I had trained with the best and most revered masters of our sect, even studying for years at our largest temple outside the Shinomen forest. My hard work and dedication to Osano-Wo brought me great rewards, I was appointed to head a new temple in a remote village on the borders of the scorpion lands. The village was known to its inhabitants and neighbours as Old Tree Village, or Furui-Ki-mura, because it centered on an ancient cherry tree planted many generations ago by a wandering monk, or so it was told. I selected my most diligent and promising student, Ichigo, and together we traveled across the empire to the site of our new temple. The reason we were assigned to start a temple in such a remote village was because we had been petitioned by the village headman after a great lightning storm had passed over the region. All the surrounding villages had been damaged greatly during the storm, but the only damage Furui-Ki-mura had sustained was a single lightning strike to the ancient cherry tree. The tree dropped a large branch that the villagers decide to use as a cross-piece for a torii, the gateway to a shrine. Given the nature of the storm it was felt that it was only appropriate to devote the new shrine to Osano-wo. This coincided with a dream an aged monk at our temple had, and it was decided to construct a temple on the site.
When we arrived at Furui-Ki-mura construction on the temple was well under way, the villagers had cut back on the time they spent in the fields to finish the temple in time for our arrival. When the time came to erect the torii on the path to the temple many villagers from the surrounding region had gathered to watch the momentous event. It was remarkable how much work had been done in such little time, and in the end it turned out that the rice harvest was the greatest in many years, signifying Osano-Wo's favour. The temple was small, and barely had room for Ichigo and I, but for the next five years I found the most peace and contentedness I had ever known. The villagers still worshipped regularly at the shrine to Inari and enjoyed the bounty brought to them by the fortunes, there were few problems during those years.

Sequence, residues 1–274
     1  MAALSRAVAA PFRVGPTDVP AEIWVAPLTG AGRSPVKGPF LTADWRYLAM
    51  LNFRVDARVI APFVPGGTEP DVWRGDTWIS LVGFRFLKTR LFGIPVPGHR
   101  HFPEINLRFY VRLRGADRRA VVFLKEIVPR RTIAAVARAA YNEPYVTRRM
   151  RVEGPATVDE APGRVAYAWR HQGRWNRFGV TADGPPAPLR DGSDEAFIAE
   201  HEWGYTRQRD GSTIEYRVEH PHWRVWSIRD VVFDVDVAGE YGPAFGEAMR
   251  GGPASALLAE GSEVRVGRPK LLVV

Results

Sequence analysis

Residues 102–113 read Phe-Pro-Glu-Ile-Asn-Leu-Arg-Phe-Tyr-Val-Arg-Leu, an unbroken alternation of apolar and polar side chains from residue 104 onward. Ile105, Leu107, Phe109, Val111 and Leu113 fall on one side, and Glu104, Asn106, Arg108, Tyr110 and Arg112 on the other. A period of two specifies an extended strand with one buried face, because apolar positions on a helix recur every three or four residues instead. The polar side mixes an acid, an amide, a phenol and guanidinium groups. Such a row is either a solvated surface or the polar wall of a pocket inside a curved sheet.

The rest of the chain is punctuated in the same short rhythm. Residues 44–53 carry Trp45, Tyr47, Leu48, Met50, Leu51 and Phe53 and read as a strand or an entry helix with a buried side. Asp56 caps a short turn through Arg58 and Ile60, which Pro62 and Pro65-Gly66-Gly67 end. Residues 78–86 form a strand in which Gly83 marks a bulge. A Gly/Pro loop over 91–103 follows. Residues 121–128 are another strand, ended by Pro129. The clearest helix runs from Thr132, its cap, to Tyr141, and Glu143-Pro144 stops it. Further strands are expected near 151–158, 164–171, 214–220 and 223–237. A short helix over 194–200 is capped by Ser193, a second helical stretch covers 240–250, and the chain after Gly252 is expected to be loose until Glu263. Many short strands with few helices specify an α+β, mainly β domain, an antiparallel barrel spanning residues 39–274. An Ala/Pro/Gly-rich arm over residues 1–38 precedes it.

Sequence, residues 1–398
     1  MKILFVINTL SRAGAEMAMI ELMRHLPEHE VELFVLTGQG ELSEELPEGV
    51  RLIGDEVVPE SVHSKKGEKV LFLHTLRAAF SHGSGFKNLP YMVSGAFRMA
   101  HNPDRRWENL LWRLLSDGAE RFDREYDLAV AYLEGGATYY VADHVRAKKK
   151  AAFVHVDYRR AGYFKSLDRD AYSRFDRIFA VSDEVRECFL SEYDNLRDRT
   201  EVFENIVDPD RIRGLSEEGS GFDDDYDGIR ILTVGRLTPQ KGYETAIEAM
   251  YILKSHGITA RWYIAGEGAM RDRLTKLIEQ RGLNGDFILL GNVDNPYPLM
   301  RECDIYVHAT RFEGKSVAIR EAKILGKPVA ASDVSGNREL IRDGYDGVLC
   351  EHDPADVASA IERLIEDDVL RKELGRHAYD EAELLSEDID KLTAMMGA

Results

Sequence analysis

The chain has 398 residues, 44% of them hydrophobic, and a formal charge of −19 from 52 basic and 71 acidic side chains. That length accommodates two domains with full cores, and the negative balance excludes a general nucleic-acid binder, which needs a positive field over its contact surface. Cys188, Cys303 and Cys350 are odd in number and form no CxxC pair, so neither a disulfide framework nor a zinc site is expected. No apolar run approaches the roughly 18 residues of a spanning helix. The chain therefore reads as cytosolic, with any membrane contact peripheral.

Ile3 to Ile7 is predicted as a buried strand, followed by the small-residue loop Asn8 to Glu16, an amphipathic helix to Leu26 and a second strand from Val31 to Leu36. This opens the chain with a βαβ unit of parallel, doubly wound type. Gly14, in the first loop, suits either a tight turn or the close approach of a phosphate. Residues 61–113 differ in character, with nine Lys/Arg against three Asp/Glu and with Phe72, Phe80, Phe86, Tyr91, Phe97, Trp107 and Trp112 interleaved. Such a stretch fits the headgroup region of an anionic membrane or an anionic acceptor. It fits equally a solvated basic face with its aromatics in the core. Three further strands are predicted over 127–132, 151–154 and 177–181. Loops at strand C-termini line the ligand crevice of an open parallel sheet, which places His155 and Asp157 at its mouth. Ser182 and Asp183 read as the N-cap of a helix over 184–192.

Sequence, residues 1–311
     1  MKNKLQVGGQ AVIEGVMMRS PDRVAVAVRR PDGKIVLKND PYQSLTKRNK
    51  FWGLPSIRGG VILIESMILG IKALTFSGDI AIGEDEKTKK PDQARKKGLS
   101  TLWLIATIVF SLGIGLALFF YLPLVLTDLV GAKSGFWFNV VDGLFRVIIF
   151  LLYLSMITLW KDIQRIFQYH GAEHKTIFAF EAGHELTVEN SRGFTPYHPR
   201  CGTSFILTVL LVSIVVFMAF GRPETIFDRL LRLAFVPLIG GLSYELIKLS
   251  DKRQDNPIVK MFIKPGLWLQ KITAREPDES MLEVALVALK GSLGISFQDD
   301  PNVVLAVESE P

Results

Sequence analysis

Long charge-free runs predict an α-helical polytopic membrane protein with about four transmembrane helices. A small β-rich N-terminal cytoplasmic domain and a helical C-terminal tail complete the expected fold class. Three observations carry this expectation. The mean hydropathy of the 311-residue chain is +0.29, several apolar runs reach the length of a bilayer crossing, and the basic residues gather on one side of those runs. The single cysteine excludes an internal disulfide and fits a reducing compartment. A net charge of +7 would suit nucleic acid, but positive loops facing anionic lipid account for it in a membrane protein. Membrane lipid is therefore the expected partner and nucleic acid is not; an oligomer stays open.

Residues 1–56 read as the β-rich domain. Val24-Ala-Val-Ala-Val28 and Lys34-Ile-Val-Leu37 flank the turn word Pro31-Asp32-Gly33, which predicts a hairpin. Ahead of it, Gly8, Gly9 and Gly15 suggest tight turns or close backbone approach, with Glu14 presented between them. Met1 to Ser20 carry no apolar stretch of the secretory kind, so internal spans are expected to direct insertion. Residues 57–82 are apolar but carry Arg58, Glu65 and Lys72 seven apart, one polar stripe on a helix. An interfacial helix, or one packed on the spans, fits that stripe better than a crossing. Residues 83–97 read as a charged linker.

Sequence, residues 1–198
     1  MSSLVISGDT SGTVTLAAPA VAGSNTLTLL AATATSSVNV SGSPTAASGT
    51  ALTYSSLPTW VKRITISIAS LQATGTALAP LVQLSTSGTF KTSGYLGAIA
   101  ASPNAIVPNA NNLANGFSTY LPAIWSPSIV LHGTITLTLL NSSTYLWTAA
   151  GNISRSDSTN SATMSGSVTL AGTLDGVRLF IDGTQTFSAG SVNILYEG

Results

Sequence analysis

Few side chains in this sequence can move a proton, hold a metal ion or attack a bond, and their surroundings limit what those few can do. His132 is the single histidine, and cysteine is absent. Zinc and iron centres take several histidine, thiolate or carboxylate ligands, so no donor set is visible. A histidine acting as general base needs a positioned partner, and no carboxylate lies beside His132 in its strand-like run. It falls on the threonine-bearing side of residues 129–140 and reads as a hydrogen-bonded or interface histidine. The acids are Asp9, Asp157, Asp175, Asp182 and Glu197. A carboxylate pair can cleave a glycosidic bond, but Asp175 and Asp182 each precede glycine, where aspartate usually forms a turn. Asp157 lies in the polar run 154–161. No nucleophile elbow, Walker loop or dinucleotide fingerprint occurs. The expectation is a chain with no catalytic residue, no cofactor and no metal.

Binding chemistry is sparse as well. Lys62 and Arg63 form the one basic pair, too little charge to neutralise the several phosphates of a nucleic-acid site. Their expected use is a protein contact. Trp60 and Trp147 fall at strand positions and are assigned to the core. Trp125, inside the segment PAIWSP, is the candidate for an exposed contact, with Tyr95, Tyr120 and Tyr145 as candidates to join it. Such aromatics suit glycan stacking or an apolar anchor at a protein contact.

I had gone to a neighbouring village to check up on a sick child that none of the healers could mend, and on the return trip was confronted by a furious storm. Lightning flashed all around me and thunder echoed through the hills. The suddenness with which it had started awed me. I had no fear, however, I was a monk of Osano-Wo, the fortune I served watched out for his followers, this most likely was an omen, a warning or foretelling I was not sure. The ferocity of the storm spurred me on, though I was not concerned for my safety nor my dryness, I began to get a feeling of dread that only grew as I neared Furui-Ki-mura. Darkness covered the land, but I didn't light my lantern for the raging wind would blow it out immediately, and the constant lightning strikes illuminated the path enough for me to navigate. I came to a portion of the path that was washed out and was forced to march the long way around, but by the time I reached the edges of Furui-Ki-mura the storm had moved on. Moisture hung in the air and I could still feel the electricity and hear the thunder as the it receded. Water covered the packed ground of the path, shimmering in the moonlight newly revealed by the quick moving clouds. I lit my lantern and headed toward the darkened huts on the edge of the village, all was silent except for the distant thunder and a small sound closer to me, the sound of a crying babe. I looked down at the ground again, at the pools of water at my feet, and the rivulets feeding them. They glistened red.